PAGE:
- Club, American Kennel. "Swedish Vallhund History & Training/Temperament". www.akc.org. Retrieved 2016-10-13.
- "Breed History | SVCA, Inc". www.swedishvallhund.com. Retrieved 2017-01-16.
- The Swedish Vallhund Society (2016). Breed Standard [Online]. Available at <http://www.swedishvallhunds.co.uk/index.asp?pageid=399181> (Accessed 16 April 2016). 
- Club, American Kennel. "Swedish Vallhund Dog Breed Information".
- "Breed Standard - Swedish Vallhund". Archived from the original on 2010-05-24. Retrieved 2010-12-06.
- Article from the Dog Breed Gallery on Pedigree
- Cooper, Ann E.; Ahonen, Saija; Rowlan, Jessica S.; Duncan, Alison; Seppälä, Eija H.; Vanhapelto, Päivi; Lohi, Hannes; Komáromy, András M. (8 September 2014). "A Novel Form of Progressive Retinal Atrophy in Swedish Vallhund Dogs". PLOS ONE. 9 (9): e106610. Bibcode:2014PLoSO...9j6610C. doi:10.1371/journal.pone.0106610. PMC 4157785. PMID 25198798 – via PLoS Journals.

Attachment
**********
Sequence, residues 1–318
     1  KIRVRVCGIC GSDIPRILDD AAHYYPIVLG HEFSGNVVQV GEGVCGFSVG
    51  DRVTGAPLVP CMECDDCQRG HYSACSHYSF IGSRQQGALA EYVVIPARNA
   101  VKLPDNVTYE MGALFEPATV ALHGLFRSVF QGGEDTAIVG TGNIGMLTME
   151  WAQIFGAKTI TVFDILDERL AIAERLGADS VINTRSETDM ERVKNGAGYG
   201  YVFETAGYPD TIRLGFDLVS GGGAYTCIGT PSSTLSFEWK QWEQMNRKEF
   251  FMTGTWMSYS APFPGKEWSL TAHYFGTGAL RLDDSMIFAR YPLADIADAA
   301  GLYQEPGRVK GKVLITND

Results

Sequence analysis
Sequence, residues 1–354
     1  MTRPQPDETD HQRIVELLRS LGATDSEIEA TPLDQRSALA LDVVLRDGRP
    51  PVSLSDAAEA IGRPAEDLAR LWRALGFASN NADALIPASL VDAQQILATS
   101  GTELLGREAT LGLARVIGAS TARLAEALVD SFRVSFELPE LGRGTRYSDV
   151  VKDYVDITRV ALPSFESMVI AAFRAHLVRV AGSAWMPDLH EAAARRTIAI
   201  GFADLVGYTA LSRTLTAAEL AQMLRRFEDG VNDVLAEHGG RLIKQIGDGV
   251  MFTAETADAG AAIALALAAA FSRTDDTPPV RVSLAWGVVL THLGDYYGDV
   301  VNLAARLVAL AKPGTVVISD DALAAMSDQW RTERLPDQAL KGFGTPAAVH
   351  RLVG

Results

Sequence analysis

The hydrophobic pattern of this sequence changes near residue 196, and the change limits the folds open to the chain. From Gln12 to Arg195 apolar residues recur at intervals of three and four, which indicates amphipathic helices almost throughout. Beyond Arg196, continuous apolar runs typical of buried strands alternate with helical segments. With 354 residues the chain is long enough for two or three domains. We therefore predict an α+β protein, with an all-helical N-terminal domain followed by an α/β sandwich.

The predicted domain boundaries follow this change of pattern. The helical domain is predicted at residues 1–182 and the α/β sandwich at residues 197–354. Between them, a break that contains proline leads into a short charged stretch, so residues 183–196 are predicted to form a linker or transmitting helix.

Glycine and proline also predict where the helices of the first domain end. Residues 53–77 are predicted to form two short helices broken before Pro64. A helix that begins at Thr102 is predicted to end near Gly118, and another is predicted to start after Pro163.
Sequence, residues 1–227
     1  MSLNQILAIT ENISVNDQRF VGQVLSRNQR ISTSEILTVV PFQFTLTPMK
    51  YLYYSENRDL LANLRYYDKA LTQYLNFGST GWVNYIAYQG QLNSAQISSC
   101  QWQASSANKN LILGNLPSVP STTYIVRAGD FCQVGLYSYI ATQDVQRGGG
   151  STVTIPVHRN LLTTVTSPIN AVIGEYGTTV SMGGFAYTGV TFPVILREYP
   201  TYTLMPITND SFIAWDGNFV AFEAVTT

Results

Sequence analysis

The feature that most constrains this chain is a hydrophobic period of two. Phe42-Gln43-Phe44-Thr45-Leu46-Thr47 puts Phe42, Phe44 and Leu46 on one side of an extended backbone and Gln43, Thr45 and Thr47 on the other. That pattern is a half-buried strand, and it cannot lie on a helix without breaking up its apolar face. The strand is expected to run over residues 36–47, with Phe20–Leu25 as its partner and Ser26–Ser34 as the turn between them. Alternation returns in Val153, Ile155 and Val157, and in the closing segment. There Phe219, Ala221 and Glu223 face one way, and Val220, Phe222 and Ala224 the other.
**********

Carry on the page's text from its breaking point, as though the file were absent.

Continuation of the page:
- Hartnagle-Taylor, Jeanne Joy; Taylor, Ty (2010). Stockdog Savvy. Alpine Publications. ISBN 978-1-57779-106-5.
- Serpell J., The Domestic Dog, Its Evolution. Behaviour and Interactions with People. Cambridge: Cambridge Univ. Press. 1995.
- Hubbard Clifford. L B., Dogs in Britain; a Description of All Native Breeds and Most Foreign Breeds in Britain. London, MacMillan. 1948
- Swedish Kennel Clubs Magazines Special number:"Hundsport Special" 5/86
- Gascoigne.Nicky., The Swedish Vallhund. Dalsetter Designs. Wakefield. UK. 1989
- Bayliss. J., A Study of the Swedish Vallhund (Västgötaspets) A Pictorial History - Owners' Hand Book. Eng. 2007.
- Darling, L., The Swedish Vallhund (Vastgotaspets): A legacy of the Vikings - Aus. 2005
|Wikimedia Commons has media related to Västgötaspets.|